Sunday 31st Jan 2021 6.30pm

A Virtual Walk around Medieval London following in the footsteps of its resident medieval poet – Geoffrey Chaucer

To book

Life Scientific vindicates Florence Nightingale’s Wards

Cath Noakes, an expert on ventilation and Covid talking on Life Scientific today on BBc Radio 4 (https://www.bbc.co.uk/programmes/m000rcnl) reported on experiments using a Nightingale Ward design and found it was likely to cut down the spread of infection by 4 times.
This was by

1. use of high ceilings

2. Big Windows that could open top and bottom

3. Radiators with ventilation grills behind them

She noted that most Florence Nightingale wards have since been modernised with low ceilings, smaller sealed windows and radiators replaced.


Her message was that ventilation is, with distance, one of the best ways of cutting the spread of infection.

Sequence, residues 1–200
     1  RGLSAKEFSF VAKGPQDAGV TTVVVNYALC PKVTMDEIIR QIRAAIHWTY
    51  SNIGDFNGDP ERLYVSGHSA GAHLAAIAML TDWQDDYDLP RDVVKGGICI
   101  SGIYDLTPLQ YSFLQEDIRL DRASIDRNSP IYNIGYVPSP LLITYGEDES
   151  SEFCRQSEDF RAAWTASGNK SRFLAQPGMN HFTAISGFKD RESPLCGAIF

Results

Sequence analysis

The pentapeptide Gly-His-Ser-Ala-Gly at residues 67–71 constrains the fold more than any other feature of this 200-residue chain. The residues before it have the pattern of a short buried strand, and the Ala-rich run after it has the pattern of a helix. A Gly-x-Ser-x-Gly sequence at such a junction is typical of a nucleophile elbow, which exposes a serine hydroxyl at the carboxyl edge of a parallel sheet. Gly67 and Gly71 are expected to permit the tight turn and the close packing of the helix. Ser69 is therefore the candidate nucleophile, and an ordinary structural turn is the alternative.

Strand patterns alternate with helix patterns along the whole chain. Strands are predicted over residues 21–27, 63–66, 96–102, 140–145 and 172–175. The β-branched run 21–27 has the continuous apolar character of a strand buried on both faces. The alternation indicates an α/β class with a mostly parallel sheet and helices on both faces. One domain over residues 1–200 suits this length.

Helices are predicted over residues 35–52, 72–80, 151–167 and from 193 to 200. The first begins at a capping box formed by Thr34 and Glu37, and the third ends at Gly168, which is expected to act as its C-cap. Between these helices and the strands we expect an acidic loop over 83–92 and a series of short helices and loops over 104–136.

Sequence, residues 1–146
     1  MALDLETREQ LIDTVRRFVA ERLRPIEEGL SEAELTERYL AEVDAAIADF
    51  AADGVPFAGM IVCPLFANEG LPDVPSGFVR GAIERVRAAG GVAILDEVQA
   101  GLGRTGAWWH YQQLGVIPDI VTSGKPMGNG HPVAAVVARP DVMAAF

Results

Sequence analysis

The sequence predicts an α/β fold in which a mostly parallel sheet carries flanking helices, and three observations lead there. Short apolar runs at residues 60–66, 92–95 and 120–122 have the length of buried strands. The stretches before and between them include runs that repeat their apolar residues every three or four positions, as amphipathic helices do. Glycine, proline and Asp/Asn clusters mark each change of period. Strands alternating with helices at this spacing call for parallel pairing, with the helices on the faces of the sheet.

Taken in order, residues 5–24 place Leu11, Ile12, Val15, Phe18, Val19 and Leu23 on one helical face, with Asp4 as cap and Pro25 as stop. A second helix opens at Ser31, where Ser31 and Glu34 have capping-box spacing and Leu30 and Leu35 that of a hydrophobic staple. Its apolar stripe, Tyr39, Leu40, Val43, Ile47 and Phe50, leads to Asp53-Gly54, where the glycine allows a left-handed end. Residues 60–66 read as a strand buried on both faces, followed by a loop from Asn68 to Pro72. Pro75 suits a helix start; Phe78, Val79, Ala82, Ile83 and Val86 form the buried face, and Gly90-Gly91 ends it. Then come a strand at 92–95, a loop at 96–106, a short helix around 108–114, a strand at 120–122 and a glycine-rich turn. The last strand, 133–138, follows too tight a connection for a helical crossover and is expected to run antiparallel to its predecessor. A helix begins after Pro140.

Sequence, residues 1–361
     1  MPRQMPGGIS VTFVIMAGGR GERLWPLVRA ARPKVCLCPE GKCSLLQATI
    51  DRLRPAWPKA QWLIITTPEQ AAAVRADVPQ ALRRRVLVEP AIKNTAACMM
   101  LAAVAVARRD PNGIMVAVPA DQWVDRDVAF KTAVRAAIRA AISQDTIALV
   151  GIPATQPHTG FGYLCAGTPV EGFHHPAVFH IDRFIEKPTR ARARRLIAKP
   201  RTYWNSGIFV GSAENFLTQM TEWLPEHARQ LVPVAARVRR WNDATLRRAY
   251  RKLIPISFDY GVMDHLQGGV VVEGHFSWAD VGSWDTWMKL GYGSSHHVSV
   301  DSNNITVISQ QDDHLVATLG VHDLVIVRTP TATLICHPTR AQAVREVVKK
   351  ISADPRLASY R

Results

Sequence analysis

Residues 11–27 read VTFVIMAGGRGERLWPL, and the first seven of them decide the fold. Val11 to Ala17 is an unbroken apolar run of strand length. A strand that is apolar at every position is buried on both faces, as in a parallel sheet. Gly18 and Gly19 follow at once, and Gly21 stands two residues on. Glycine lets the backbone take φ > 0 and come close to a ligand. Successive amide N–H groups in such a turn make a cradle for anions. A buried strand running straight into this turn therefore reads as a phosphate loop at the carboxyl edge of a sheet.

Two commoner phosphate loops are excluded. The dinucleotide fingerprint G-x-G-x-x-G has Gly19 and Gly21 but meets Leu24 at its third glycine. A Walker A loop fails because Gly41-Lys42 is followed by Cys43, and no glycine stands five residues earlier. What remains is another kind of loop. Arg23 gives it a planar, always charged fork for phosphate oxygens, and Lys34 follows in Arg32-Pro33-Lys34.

Here is an image of Dorcas Ward st St Thomas’s Hospital, London.

Black and white photograph of Dorcas Ward, St Thomas Hospital showing high ceilings.

NEW SEASON OF VIRTUAL GUIDED WALKS

Reconstruction View of Roman Riverside Wall being built
Reconstruction View of Roman Riverside Wall being built

February- March 2021

To Book follow this eventbrite link

THE ARCHAEOLOGY OF LONDON BRIDGE & THE HISTORIC BOROUGH OF SOUTHWARK VIRTUAL WALK

Sunday 14 Feb 2021 6.30pm

The walk explores London Bridge and Southwark which are at the heart of pre-Roman, Roman and Medieval London’s Archaeology

To book

THE LONDON OF THOMAS MORE AND THOMAS CROMWELL. THE CITY OF WOLF HALL VIRTUAL BOAT TRIP AND WALK

Sunday 21 Feb 2021 6.30pm

We begin on the River touring by boat the Tudor Palaces that were the backdrop to the drama of Henry’s Court. We then walk around the City to find where the two Thomases lived and died.

To book

JANE AUSTEN’S VIRTUAL LONDON WALK

Sunday 28 Feb 2021 6.30pm

Exactly what it says on the tin. With sense, sensibility, pride but no prejudice we’re on the trail of the great novelist. Jane Austen’s London.

To book

ZEPPELIN NIGHTS – A VIRTUAL WALK FOLLOWING THE 1915 BOMBING RAID THROUGH WW1 LONDON

Sunday 14 March 2021 6.30pm